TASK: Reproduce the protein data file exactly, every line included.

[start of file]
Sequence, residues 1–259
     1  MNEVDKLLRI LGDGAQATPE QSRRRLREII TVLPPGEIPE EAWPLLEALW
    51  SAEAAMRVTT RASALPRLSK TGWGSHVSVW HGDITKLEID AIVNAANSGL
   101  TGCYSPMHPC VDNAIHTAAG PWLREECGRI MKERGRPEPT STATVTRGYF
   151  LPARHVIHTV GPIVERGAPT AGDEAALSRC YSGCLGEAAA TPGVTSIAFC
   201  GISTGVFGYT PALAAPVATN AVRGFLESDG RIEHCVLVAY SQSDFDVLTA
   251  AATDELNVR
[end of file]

Sequence, residues 1–259
     1  MNEVDKLLRI LGDGAQATPE QSRRRLREII TVLPPGEIPE EAWPLLEALW
    51  SAEAAMRVTT RASALPRLSK TGWGSHVSVW HGDITKLEID AIVNAANSGL
   101  TGCYSPMHPC VDNAIHTAAG PWLREECGRI MKERGRPEPT STATVTRGYF
   151  LPARHVIHTV GPIVERGAPT AGDEAALSRC YSGCLGEAAA TPGVTSIAFC
   201  GISTGVFGYT PALAAPVATN AVRGFLESDG RIEHCVLVAY SQSDFDVLTA
   251  AATDELNVR